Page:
Another team of researchers at the University of California, Davis conducted three separate surveys. Their hypothesis was, “Most plant eating in dogs is associated with illness or a dietary deficiency and that ingestion of plant material is usually followed within a few minutes by vomiting.”
First Survey – Veterinary Students
- Sample size = 25
- All students reported that their companion dogs ate grass
- Zero reported signs of illness before the grass-eating event
- Two students said that their dogs frequently vomited afterwards
Second Survey – Teaching Hospital Clients
- Sample size = 47
- 37 had seen their dogs eat grass
- 33 owners answered questions about their dogs’ behaviors before and after eating grass
- Four of the 33 reported signs of illness preceding the events
- Six of the 33 reported occasional vomiting afterwards
Third Survey – Web-Based
- Sample size = 1,571
- 1,068 said their companion dogs ingested plants daily or weekly
- 126 (8%) indicated that their dogs frequently showed signs of illness before plant-eating
- 346 (22%) reported regular vomiting after plant eating
- Of the 1,068, younger dogs were more apt to eat plants rather than older dogs, and did not appear ill beforehand or vomit afterward
- If dogs showed signs of illness before eating, they were more likely to vomit afterward
The survey from the team at UC Davis asked specific questions relating to diet. They determined that diet – which varied from kibble to raw – did not impact the plant eating. Additionally, dogs receiving less fiber in their diets did not tend to eat more grass than dogs getting more fiber.
They concluded, therefore, that grass eating is a common behavior in apparently normal dogs that is unrelated to illness or vomiting. Of course, their caveat was that a subclinical GI distress may provoke grass eating occasionally. Indeed, pet caregivers that have contributed to our NutriScan Case Studies have stated that before the food sensitivity testing was conducted, they believed their dogs ate grass to calm their stomachs. After adjusting their diets according to the Nutriscan results, caregivers noted that the diet change helped curb or stop the grass eating habit.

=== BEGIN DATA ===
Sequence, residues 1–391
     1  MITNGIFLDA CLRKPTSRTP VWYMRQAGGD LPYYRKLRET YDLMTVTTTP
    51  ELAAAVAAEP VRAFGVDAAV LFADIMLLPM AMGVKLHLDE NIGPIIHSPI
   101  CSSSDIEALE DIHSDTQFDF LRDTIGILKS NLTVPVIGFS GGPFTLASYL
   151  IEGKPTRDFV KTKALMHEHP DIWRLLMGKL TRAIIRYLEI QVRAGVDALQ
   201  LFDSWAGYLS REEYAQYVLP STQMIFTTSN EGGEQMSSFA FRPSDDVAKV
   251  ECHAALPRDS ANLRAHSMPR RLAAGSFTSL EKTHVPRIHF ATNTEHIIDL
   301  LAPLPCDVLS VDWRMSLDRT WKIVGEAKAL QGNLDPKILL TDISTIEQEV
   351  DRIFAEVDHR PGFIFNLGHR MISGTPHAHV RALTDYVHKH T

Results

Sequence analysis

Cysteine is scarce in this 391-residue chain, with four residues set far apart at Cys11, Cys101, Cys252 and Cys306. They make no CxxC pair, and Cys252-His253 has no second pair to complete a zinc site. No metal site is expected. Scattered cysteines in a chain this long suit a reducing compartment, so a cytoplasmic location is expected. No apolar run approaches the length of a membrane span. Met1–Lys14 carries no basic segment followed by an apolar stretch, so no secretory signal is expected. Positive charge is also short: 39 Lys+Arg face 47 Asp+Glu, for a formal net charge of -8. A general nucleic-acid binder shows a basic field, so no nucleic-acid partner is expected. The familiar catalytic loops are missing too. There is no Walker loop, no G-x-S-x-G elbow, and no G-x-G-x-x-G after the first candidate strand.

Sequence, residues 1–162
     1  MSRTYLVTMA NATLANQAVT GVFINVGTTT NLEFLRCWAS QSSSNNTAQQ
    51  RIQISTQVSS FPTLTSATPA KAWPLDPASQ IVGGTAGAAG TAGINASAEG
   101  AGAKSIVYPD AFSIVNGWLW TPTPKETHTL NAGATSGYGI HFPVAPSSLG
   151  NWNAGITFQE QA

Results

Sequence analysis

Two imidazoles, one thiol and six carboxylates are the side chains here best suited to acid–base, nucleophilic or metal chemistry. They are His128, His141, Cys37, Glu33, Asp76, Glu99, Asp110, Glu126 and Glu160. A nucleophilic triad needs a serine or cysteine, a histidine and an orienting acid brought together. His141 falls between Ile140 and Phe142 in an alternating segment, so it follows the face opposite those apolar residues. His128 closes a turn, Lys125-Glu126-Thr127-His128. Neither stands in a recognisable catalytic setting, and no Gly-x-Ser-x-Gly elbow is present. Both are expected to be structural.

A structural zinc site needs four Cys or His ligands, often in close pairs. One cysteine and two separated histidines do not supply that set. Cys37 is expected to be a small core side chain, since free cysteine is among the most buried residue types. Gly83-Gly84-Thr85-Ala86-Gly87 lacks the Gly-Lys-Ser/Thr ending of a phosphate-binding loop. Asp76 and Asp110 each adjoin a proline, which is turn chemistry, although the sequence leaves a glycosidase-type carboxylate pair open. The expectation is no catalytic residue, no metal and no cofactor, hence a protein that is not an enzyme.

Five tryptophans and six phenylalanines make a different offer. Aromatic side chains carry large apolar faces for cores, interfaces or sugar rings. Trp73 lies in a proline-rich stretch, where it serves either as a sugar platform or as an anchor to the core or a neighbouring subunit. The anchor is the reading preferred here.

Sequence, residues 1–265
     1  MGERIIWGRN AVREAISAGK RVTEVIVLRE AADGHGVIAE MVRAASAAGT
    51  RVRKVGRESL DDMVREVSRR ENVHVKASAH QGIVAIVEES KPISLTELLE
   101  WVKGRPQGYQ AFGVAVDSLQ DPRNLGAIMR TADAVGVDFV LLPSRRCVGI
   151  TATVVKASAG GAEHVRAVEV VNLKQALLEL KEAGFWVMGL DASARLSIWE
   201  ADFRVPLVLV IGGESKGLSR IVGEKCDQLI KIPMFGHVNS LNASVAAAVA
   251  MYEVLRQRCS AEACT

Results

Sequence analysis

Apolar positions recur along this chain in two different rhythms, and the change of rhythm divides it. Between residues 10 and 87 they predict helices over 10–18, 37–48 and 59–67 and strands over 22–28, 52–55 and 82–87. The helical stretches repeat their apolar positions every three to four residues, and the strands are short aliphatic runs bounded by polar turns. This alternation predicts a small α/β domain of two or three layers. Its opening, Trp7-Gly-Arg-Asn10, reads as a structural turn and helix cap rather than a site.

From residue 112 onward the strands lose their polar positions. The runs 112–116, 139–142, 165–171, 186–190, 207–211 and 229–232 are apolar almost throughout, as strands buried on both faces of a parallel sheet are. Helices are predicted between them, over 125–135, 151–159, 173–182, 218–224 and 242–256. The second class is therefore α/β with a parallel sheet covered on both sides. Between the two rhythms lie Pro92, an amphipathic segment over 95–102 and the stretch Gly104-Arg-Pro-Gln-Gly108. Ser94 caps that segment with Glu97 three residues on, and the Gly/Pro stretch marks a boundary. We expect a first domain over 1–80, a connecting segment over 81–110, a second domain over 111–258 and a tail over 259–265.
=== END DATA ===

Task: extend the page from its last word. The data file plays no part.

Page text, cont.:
The UC Davis team’s current hypothesis is that plant eating helped our canine and feline ancestors purge nematodes (intestinal parasites). This habit has been observed in chimpanzees because the plant leaves increase bowel motility, can wrap around the nematodes and thus flush them out of the body. They also correlated this hypothesis with younger dogs eating plants more often than older dogs because they are less resistant to intestinal parasites. This fascinating theory truly needs to be studied. And who knows? Perhaps we could replace some conventional dewormers with plant-based options. Please note: this comment is not meant as a suggestion that you give your dogs plants in lieu of intestinal dewormers. We need to wait for research clinical trials to be conducted.
In the meantime, let’s just let your dog do what comes naturally.
Dr Jean Dodds